Sara Benson, who has the podcast Copyright Chat, recently did a 10-minute episode on reading books aloud and Fair Use. The episode is available where you get your podcasts and also on her library's website (along with a transcript). She also points to a guide written earlier this year by eight people entitled "Reading Aloud: Fair Use Enables Translating Classroom Practices to Online Learning."
As Benson states, since the start of our stay-at-home orders in March and the need for libraries and teachers to work remotely, people have had questions about reading books aloud online. We're used to do this in-person in the library or classroom, but what happens when we do this online? The good news is is that Fair Use still applies.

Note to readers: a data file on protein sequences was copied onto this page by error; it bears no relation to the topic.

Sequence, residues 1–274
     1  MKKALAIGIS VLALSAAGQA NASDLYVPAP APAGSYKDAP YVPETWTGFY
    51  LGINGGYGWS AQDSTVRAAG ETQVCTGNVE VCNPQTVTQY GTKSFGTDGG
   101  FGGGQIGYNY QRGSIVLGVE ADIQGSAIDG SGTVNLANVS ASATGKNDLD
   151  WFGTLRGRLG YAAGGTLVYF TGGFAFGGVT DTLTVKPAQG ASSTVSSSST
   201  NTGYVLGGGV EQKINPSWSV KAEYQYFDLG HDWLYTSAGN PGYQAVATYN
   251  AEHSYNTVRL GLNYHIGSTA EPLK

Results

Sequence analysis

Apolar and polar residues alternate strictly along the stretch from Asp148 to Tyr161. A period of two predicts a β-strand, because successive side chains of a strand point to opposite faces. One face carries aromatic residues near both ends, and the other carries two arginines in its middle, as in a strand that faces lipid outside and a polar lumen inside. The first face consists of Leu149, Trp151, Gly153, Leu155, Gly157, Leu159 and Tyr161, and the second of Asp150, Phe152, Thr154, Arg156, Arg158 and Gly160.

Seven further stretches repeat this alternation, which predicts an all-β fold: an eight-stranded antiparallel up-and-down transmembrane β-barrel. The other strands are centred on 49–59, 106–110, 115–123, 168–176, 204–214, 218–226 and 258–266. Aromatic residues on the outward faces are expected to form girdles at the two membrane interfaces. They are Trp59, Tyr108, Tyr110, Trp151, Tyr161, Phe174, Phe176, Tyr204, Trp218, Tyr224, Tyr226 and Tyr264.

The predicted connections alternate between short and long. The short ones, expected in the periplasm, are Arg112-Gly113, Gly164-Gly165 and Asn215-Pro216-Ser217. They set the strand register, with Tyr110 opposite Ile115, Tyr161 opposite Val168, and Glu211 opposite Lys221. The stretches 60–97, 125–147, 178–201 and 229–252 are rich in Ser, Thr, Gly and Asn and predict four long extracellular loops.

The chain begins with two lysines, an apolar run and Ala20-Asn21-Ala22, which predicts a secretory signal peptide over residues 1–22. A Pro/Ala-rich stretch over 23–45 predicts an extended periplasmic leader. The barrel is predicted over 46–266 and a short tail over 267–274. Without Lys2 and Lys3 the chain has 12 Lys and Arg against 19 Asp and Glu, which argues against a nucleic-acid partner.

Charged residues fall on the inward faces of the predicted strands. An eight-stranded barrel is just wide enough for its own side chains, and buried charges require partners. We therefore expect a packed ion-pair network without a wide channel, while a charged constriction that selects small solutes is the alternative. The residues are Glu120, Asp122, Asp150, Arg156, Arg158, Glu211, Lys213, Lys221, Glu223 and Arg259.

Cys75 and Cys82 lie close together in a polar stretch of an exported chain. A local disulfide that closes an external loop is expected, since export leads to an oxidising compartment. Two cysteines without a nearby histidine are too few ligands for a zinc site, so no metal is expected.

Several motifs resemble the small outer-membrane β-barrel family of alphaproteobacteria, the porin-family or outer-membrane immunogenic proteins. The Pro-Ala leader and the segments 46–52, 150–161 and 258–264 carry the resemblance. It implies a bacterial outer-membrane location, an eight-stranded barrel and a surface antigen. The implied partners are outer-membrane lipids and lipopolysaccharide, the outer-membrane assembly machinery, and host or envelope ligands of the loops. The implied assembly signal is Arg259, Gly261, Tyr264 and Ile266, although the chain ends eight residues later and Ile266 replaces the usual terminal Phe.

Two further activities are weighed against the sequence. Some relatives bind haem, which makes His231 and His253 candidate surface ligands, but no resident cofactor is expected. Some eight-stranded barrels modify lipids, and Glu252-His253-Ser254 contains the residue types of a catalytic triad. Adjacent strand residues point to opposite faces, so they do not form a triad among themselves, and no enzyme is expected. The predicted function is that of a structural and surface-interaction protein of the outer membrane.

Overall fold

If you are relying on Fair Use, do you need permission or guidance from the publisher? No. While some publishers have provided such guidance, you don't need that. You need to look at, understand, and rely on Fair Use.
Are there instance where Fair Use does not apply? Some. The one that Benson notes is when read alouds are posted to YouTube and those videos have ads. Rather than posting your videos for everyone to see - and in a platform that you cannot control - I would hope that you would consider how to deliver your read alouds to the group that you normally do this with. Stay focused on your audience (which helps you keep your use fair).